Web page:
Editor’s Note: This story originally published on September 30, 2018.
1. Back to business: The SEC is off Elon Musk’s back. Now he and Tesla can return to that other pesky problem — making and selling cars.
Tesla will turn in a critical production report on Tuesday that will show investors whether the company can sustain and surpass its long-promised target of building 5,000 Model 3s per week.
That report will go a long way toward determining whether Tesla (TSLA) can fulfill Musk’s pledge to turn a profit in the third and fourth quarters.
Since it went public, Tesla has recorded only two quarters in the black. It posted the largest loss in its history in the second quarter as it cranked up production to clear the 5,000 bar in the last week of June.
That seems like a long time ago. In early August, Musk sent the tweet that led to his tangle with regulators — a cryptic announcement that he had “funding secured” to take Tesla private at $420 per share.
The SEC said he had no such thing, and sued Musk last week for misleading investors.
Under a settlement announced Saturday, Musk agreed to step aside as chairman for three years, and he and Tesla each agreed to pay $20 million fines. Musk neither admitted nor denied wrongdoing under the settlement.
The SEC lawsuit may be behind him, but Tesla still has some serious IOUs coming up. A total of $2.7 billion of Tesla debt is due this year and next, according to Goldman Sachs.
That’s one reason the production and profit targets are so important: Tesla needs the cash to pay down all that debt.
The markets have reflected investors’ worry. Tesla bonds maturing in August 2025 traded at 84.5 cents on the dollar on Friday, close to a record low. And Tesla stock has fallen 31% from its high in the hours after the ill-fated tweet.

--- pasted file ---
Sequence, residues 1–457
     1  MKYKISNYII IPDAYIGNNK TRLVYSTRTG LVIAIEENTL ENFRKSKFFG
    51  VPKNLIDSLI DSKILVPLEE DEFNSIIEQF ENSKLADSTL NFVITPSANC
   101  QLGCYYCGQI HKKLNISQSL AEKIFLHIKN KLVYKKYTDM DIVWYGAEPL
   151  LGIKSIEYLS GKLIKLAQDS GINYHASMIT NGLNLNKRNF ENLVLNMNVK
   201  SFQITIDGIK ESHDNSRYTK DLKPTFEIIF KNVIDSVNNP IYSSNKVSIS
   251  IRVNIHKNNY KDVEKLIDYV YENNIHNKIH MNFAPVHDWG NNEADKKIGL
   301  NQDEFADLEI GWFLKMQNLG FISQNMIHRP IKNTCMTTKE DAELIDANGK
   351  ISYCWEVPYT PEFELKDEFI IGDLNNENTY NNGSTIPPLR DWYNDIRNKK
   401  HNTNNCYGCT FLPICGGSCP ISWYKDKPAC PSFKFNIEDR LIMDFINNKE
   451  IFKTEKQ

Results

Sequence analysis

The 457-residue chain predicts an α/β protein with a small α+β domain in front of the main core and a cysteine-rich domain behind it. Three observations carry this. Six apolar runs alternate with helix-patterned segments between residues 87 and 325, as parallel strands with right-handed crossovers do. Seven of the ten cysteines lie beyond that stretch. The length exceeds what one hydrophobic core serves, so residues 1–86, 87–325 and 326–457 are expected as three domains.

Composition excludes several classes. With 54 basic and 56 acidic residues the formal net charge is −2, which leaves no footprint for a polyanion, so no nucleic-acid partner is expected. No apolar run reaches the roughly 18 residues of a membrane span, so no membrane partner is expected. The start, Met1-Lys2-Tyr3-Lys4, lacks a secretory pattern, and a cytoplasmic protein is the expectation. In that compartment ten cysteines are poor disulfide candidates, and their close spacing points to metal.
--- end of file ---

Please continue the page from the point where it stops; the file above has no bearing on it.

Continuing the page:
The stock may bounce back Monday, now that the uncertainty over Musk’s future is removed. But Wall Street still wants something else — results.
2. Jobs, jobs, jobs: Analysts expect another month of solid growth when the US Labor Department issues its September jobs report on Friday.
More important may be the wage growth figure: Will it hit 3% for the first time since April 2009? If so, will that unnerve investors worried about an overly aggressive Federal Reserve?
3. Changing of the guard at Goldman: Lloyd Blankfein is ending his run as CEO of Goldman Sachs (GS) on Monday. He will be replaced by Goldman president — and part-time DJ — David Solomon.
The investment firm’s stock is down more than 10% since beginning of the year. Solomon will need to deal with lower revenue from Goldman’s trading desk, which collects client fees to buy and sell bonds, commodities and currencies.
4. Earnings watch: It’s a relatively slow week for corporate reports, but among the notable names turning in results are Pepsi (PEP), Stitch Fix, Bon-Ton and Costco.
For Pepsi, this will be the last earnings report under CEO Indra Nooyi, soon to be succeeded by the company’s global operations chief, Ramon Laguarta. The stock could use a caffeine boost: It’s down 7% this year.
5. Rebooting business news: On Thursday, CNNMoney becomes the all-new CNN Business, covering the companies, personalities, and innovations driving business forward.
This new initiative will focus on the single biggest financial story of our generation: how technology is upending every corner of the global economy, forcing businesses, workers, and society itself to adapt rapidly, or be left behind.
6. Coming this week:
Monday — Stitch Fix and Wage Works earnings; David Solomon becomes Goldman Sachs CEO; Eurozone unemployment rate
Tuesday — PepsiCo earnings; US auto sales for September
Wednesday — Lennar earnings; ADP employment report
Thursday — Costco (COST) earnings; CNN Business launches
Friday — US jobs report